Players’ language in foul ground
Going to an Alaska Baseball League game at Chugiak’s Loretta French is a uniquely-Alaskan experience that shouldn’t be missed. From the field’s mountain-ringed scenery to the free admission to the signature hill beyond left field, our local diamond has proven itself as a welcome addition to the historic collegiate summer league.
A visit to the park is almost like taking a step back into a simpler time, when ballparks were community meeting places where the entire town came to root on the home team. On the fields near the park, children run and play, tossing the ball around in imitation of their heroes out on the big field. Then there’s the fans in lawn chairs, an announcer with a golden voice and more crushed peanut shells than an elephant’s rumpus room.
The intimate nature of the park is also a big draw. Because the field — which up until this year was used solely as an American Legion park — is ringed with just a single chain link fence, fans are able to get literally feet from the players, close enough to hear every grunt, scratch and spit.
And therein lies one of the big drawbacks of our rustic local park.
During a recent game, several young fans were standing near the right field line, squinting into the midsummer sun and watching the action in the visiting bullpen. But rather than ooh and ahh at the action, the kids giggled and squealed at what they were seeing — or rather hearing — out on the field.
Because Loretta French is still a work in progress, the team bullpens are located on the field of play. This means that, during any given game, there are about a dozen players who sit on a bench located just inside the fence and only feet from the fans. However, because they’re used to being somewhat isolated on the field, it seems the players haven’t quite picked up on the implications of this intimacy.
The kids watching the action in the bullpen were giggling because of the language that was coming out of the ‘pen. Although most of what the players could be overheard talking about was relatively benign, almost none of it had anything to do with baseball. And the majority of it was peppered with words that would not pass the muster either in polite company or a family newspaper.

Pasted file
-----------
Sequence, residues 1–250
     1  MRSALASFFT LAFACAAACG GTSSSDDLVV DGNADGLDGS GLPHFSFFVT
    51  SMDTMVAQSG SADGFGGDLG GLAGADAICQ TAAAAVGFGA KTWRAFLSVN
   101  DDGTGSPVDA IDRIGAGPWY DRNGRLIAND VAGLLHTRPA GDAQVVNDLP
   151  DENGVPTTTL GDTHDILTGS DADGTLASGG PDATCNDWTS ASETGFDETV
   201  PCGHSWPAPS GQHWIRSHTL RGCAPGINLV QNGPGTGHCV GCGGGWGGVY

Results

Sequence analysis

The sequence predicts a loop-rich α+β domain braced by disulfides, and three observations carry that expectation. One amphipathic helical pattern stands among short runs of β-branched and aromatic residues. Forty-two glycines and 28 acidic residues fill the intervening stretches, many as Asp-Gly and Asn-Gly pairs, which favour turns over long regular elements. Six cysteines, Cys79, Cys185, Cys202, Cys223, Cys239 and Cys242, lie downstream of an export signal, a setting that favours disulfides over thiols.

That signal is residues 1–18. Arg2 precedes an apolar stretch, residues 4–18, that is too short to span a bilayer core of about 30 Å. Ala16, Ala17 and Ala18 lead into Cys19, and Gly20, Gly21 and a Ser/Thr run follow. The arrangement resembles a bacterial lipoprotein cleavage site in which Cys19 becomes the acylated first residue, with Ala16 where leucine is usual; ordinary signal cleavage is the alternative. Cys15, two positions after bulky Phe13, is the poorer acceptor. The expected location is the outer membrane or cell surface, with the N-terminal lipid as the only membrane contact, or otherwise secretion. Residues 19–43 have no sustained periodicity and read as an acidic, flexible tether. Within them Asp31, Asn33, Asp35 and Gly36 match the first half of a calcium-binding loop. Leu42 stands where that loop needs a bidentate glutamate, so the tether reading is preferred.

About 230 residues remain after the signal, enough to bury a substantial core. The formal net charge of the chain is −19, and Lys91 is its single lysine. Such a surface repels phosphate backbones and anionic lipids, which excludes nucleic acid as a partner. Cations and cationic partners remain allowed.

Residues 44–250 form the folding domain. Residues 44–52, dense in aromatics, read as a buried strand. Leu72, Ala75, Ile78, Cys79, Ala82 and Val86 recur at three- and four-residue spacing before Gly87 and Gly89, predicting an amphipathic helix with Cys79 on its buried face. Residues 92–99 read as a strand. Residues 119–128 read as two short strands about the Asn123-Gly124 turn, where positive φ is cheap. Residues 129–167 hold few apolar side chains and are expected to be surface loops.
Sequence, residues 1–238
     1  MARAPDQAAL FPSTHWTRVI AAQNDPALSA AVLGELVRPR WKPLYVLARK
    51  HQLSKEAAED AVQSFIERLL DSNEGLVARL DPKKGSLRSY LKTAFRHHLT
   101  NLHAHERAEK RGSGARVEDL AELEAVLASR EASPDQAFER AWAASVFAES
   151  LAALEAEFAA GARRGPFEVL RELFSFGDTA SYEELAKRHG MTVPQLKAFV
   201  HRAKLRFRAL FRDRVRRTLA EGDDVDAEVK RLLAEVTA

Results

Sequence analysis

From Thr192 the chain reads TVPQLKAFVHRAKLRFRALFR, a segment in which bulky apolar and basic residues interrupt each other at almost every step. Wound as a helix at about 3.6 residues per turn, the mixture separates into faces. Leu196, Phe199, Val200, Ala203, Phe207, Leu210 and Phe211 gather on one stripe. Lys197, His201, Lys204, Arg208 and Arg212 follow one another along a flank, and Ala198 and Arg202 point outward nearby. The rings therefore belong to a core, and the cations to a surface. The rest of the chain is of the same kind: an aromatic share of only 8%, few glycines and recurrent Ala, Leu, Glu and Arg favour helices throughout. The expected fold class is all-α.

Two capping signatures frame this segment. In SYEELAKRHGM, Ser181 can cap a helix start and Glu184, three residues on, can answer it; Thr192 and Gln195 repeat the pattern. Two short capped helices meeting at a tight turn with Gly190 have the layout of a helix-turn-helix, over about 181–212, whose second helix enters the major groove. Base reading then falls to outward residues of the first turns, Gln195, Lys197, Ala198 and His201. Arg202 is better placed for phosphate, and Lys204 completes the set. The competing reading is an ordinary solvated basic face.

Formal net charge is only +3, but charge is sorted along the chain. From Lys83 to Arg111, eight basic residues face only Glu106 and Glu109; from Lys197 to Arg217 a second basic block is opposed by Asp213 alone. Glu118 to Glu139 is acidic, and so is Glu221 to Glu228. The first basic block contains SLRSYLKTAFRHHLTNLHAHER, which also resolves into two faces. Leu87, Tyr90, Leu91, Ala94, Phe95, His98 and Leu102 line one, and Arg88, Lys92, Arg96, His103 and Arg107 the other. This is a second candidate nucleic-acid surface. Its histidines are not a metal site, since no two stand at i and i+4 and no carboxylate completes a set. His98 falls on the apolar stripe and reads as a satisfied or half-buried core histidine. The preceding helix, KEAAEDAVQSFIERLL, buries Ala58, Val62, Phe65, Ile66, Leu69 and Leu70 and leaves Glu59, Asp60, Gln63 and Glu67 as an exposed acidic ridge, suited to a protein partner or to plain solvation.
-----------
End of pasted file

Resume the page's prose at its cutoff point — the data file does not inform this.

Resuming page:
Suffice to say, some of what was said was profane and offensive, and not at all in keeping with the park’s otherwise family atmosphere.
It’s understandable (if not expected) for college athletes to use swear words while on the field of play. But the conversations that were going on in the bullpen were unacceptable — and rather shocking when you consider that the players must know that they can be overheard.
Steps to give the players some privacy at the park — including tarps to partially conceal the dugouts — have been taken by club officials. And plans to fix the bullpen situation are already in the works.
But the players who spend their time sitting so close to the fans need to be made more aware of the impact their words can have on young fans. No parent wants to bring their kid to a family-friendly baseball game only to have that child subjected to the kind of language and conversation that should be reserved for barstool bull sessions — not our backyard bullpens.